By ADA regulations I think the department can offer treatment first because alcohol abuse is considered a medical illness. Our department had an engineer show up to work one day and that station was picked for random drug testing. The results showed he had a BAL close to 0.08. About 4hrs later she felt she made a mistake and returned to the station for a 2nd test. He showed a .180 BAL. He was driving a 37 ft airial ladder. He was subsequently taken off line but refused rehab. and was fired. Imagine the danger to the firefighters. This was not his first + BAL
Not only a + BAL but the lack of concern for others and the risk .that he created should be taken into consideration.
One needs to look at things in this issue in context. Your example here, I'm guessing, stems from experience within your own dept. Your profile states you are retired from a FT career dept. The OP's profile here states he belongs to a volunteer dept. Now not to tee off all those with the "we do the same job" mentality, but we seriously have to look at the differences at stake here.
Your example, judging by profile, that said person showed up to work in an inebriated state, let alone tasked to drive, yes, quite serious indeed. The OP's question stems from a dept training in which the person in question shows up inebriated or at least alledgedly inebriated. The person in your example knows they have a job and knows when they are scheduled to work. Showing up to work under the influence is wrong and he should have known better.
In this case you have a member, assuming volunteer, shows up to training after a couple drinks, and if he should be booted from the company. IMO, no, unless there was a chronic history of this occurring. Who knows, he could of had an off day went golfing, had a couple drinks, thought they would wear off by training time. He could of finished his regular job early and went out with the guys from work for a couple, or whatever else reasoning you wish to find. THAT is my reasoning for my response, there is a difference between a FF with a chronic habit of showing up inebriated ( a sign of a problem) and one who just perhaps had a couple too many before training. I would say this would be another matter if showing up on responses like this, but we are talking training and there should be some benefit of doubt......as such to boot a guy from a company for such a situation isn't necessary.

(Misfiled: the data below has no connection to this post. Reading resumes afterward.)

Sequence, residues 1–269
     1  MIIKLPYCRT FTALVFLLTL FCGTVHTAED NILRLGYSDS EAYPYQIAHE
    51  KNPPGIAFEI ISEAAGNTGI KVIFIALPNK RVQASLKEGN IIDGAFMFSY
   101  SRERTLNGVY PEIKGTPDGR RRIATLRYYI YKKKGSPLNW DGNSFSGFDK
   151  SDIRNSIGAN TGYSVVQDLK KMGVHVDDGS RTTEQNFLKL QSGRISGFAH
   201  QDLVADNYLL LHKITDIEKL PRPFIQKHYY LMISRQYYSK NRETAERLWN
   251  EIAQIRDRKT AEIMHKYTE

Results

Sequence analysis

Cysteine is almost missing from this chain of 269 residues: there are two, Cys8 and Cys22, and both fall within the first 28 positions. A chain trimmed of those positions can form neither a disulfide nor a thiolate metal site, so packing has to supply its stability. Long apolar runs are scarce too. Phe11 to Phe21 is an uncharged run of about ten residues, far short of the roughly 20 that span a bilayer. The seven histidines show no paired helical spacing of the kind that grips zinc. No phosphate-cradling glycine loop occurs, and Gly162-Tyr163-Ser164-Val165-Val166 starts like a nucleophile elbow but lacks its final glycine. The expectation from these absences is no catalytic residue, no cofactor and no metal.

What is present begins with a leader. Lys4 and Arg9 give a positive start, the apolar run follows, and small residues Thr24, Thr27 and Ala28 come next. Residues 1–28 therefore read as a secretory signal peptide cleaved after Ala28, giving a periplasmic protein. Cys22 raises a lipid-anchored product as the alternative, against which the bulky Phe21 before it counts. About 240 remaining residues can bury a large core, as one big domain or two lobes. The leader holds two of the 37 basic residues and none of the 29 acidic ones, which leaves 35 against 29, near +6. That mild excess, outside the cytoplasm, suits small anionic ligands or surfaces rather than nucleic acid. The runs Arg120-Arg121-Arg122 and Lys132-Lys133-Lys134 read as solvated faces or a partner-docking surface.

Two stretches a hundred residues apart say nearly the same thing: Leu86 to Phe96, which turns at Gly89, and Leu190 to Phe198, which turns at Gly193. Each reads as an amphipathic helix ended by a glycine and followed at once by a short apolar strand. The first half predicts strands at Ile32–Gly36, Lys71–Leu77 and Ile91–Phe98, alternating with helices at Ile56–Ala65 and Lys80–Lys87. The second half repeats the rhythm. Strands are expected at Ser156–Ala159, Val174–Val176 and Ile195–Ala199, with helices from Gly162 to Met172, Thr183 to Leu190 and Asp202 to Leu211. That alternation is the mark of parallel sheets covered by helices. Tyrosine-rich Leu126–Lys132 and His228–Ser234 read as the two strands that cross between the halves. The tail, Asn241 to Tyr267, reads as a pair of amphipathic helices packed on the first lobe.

....However, your assessment of your example under ADA etc does lead to its own debate. Just because a person shows up inebriated doesn't mean that there is a history of alcohol abuse either. I see some holes in the example because the person in question was tested TWICE in the same day and subsequently taken off line, refused rehab and was fired. So how far does this timeline go? Showing up once is not an indicator of alcohol abuse and there should probably be some other documentation leading up to termination vs one day type of thing. Besides if a person who is intoxicated can not legally sign his own HIPPA form nor a release of medical care, then how could they be considered in their right mind to make a decision on rehab etc. There are just too many holes. Such a person should be first, sent home, perhaps without pay, perhaps a warning or some type of administrative punishment, given a second chance, monitored for a period of time subject to random testing etc, vs being tested twice in the same day and terminated.
I agree with you. And thanks for your comments.
To the confusion that this short note created. It was not his first time, had been given a previous warning, and his behavior after the incident contributed to his dismissal.
And I agree with your pd./vol. requiremnts. All those situation can happen. Being a Monday quaterback we get only part of the picture or a distorted picture from anothers perspective.
Each one is individual and should be treated that way based on the actual events.